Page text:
Oh my – even with a trolley bag and day pack each I am loaded up.
Our German friend Anna is also moving on with her heavy bag.
We struggle down the steep driveway and catch a taxi for $2 to the bus in Chilbre.
Local buses are old decorated school buses in Panama.
We stand in the dust and wait to the toots and leers of the drivers going by.
A bus comes and we put our luggage in the back door.
I burn my arm on the exhaust upward pipe by the door.
We are packed in like standing sardines.
About 30 minutes of torture wearing the 2 days packs takes us into the terminal.
I am thankful for Anna as she helps us buy or ticket.
It costs ten cents each to exit the terminal to where the buses are parked.
But to buy the card you need a passport – and Spanish.
Our other friend already did this for us last time we visited Panama City.
I add credit to the card.
It costs me ten cents to put the luggage on the bus and then go back to the waiting room.
I pop books on the seats so we can sit together.
Most are already reserved.
There is no toilet on the bus – so we quickly pay a quarter and go inside.
The bus takes off.
2 or 3 hours later we stop.
The music is loud – I find it annoying.
It is a continual thump – thump.
The oldies just seem to put up with it.
You get a choice as time is limited.
Food or the toilet.
I choose the toilet!
I go to buy food and the bus beckons us back – darn no lunch.
At least we have snacks.
We have to stop in Santiago.
Fortunately we have a direct bus – apparently this is not always the case.
Santiago to Sona is the worst part.
He puts on a DVD and it is some DJ who repeats this line in Spanish.
For over 1 hour.
Yipes – it is so irritating!!
We get to Sona about 6 pm.
We are so pleased Anna has organised for us to go to stay at Cabanas Sherlley
where she has stayed previously, and it is all arranged with the owner.
Sherlley collects us with a hug and kiss like we are old friends.
She drives us to a local cafe for dinner.
She is Panamanian, but lived in USA for 30 years, and is married to an American.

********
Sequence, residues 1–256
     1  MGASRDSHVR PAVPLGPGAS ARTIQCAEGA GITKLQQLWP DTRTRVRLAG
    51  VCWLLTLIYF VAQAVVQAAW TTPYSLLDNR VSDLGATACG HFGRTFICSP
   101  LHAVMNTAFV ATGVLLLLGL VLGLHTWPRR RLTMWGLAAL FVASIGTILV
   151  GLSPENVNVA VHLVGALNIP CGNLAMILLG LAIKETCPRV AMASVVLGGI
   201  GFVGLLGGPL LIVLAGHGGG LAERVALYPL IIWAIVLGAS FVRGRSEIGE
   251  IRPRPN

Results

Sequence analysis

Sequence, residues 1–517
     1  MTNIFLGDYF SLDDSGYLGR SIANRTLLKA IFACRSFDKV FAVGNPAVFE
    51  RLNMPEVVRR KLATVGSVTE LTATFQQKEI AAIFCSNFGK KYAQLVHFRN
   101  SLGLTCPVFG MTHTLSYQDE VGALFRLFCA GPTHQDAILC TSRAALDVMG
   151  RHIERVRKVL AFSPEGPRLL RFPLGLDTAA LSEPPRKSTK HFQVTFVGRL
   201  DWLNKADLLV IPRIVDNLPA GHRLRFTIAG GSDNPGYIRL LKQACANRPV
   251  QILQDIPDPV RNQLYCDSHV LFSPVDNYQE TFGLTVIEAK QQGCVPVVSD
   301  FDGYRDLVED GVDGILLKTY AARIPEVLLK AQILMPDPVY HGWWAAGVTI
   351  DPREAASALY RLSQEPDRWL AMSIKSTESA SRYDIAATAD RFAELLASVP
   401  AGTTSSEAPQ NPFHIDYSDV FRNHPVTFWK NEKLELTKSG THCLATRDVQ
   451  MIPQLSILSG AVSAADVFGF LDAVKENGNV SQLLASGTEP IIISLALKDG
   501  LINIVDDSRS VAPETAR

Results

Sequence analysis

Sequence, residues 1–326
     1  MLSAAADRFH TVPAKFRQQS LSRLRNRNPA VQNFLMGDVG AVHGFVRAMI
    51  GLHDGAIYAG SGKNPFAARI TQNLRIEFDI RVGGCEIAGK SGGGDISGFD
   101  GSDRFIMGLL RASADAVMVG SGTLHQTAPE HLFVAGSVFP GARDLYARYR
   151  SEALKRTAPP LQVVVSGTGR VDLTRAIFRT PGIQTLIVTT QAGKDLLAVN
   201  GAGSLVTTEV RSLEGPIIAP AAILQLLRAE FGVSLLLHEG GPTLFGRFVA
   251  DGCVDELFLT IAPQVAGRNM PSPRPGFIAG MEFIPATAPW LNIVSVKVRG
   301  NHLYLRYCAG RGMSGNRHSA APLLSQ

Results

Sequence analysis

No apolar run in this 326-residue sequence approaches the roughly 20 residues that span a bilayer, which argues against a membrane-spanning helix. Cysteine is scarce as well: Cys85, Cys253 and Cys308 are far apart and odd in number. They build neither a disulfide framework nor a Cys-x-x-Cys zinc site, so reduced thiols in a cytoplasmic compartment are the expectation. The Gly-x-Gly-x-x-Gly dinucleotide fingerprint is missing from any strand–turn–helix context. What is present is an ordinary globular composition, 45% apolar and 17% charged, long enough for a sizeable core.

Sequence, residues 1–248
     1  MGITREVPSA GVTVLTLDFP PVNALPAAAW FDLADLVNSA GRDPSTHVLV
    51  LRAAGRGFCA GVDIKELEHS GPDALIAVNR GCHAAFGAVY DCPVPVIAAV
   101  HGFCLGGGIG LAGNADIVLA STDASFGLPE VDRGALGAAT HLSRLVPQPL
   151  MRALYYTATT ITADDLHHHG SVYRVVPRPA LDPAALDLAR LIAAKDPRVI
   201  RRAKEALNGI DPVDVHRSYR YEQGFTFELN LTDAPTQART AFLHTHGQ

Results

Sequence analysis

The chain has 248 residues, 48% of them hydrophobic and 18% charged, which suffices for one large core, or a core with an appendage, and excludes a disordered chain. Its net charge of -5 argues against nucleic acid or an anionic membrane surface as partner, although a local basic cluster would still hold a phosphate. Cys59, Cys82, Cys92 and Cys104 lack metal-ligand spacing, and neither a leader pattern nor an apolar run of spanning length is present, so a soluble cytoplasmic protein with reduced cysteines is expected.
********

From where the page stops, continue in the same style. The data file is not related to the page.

Then she even lets us stay at her home.
She is still building it, and hoping to turn it into a hotel or hostel later on.
It is huge, and based on a square open centre.
We awaken to roosters crowing.
Sherlley takes us back to the cafe for breakfast.
I have no idea what Panamanian food to order.
Tortillas here are small round corn cakes the size of a biscuit.
They are bland. They come with friend plantain – a banana like food.
My son is NOT impressed – oh well – he will adapt if he is hungry I tell myself.
The President is spending a LOT of money on doing up the roads.
Apparently this road has been a dust pit for over a year.
The sewers were laid and then they had to wait to see if they worked.
There are trucks and mess everywhere.
For now – it is not a pretty town.
But f you visit – head back a couple of streets.
There are quaint market stalls – away from the dust.
We only buy fruit there, I can’t carry any more stuff!
Sherlley takes us to the supermarket where we stock up on food.
We have a kitchenette where we are going and it is a tourist resort,
so not many cheap places to each out.
She then takes us around town to see Sona.
I love this little square with the church.
She tells us how they used to all go to the church on Sundays,
then come and play in the square when she was a small child.
Opposite the square is his birth family home of H.E. Ricardo Martinelli
– the current President of Panama.
This area has a number of lovely old homes.
I get the real feel of Panama now, and feel excited.
We let out a big hooray!
It is 12 noon… then next day and we finally drive off to Santa Catalina.
Sherlley is as thrilled as we are!
We love to explore; to experience the new; to never give up, to live life to the fullest; to meet new people; to give when people least expect it...To do Random Acts of Kindness, as we see and learn, while we travel the world.